Good Question: Why Don’t We Need An ID To Vote?
MINNEAPOLIS (WCCO) — When Minnesota voters cast their ballots for governor, representative and state legislators, they did not need to show a photo ID to vote. Why not?
“I went to my polling place this morning and only had to give my name (not even my address). I could have gone in eight times and used another gals name from my neighborhood and voted for them,” said Nancy Mastous, a voter from Andover, Minn.
Most of us have to show some form of identification to register, but Minnesota law has a provision allowing a resident of our precinct to “vouch” for us, confirming an address with a signed oath.
“It’s a big issue,” said Hamline University election law professor David Schultz. “They’re convinced that there’s widespread voter fraud out there that’s affecting the outcome of elections.”
Schultz has written in the William Mitchell Law Review and in Harvard’s Law Review about voter ID, calling it “a solution in search of a problem.”
Schultz referenced an election in Washington state, where officials documented 25 cases of double voting or using a dead person’s name — with 2.8 million votes, that’s 0.0009 percent.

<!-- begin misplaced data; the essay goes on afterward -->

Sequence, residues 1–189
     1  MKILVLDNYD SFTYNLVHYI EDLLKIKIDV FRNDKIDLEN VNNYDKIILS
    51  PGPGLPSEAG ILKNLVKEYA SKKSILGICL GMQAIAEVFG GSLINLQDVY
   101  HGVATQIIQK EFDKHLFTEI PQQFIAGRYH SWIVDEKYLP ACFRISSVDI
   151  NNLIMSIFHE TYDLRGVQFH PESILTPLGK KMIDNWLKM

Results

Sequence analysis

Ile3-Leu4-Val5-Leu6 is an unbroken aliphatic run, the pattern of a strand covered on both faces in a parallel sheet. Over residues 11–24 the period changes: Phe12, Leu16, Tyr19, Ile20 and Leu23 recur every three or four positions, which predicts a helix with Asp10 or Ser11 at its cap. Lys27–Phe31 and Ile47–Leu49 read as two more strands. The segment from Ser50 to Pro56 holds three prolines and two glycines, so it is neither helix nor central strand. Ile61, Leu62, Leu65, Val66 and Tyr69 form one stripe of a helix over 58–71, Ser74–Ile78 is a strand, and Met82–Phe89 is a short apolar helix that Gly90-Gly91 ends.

“We’re looking at infinitesimal numbers,” he said.
But Marcia on Jason’s DeBlog writes “Why wait until there is a problem with fraud?”
“I think showing ID is essential to take corruption out of our elections. You have to have a photo ID at the bank and to get on an airplane. Why shouldn’t you have to show a photo ID in order to vote?” wrote Julie Currin.
“Going to the bank and getting on an airplane isn’t a right,” said Schultz. “Voting is.”
But Schultz said, let’s go along with the theory that there is fraud out there. What would showing a photo ID at the polling place catch?
“It might catch some people on Election Day who are claiming to be someone else. That’s all it would catch,” he said.
Most election experts believe the largest potential for fraud is with absentee ballots, but photo ID does nothing about that.
During the Coleman-Franken recount there were issues raised about felons voting, again an ID doesn’t solve that.
“Nowhere on your license does it say, ‘ex-felon,'” said Schultz.
And there’s considerable research showing the potential that requiring a photo ID would keep people who are registered now away from voting.
Researchers in Wisconsin say about 1 in 4 senior citizens doesn’t have a license or state ID. Young adults often don’t have drivers’ licenses, nor do new, legal immigrants, according to research.
“We’re not looking at not an insignificant portion of the population,” said Schultz.
In Indiana, where photo ID is now required at the ballot box, Schultz said there has not been any increase in the detection of voter fraud, nor has there been a significant reduction in voter turnout.
So essentially, “it’s much ado about nothing,” he said.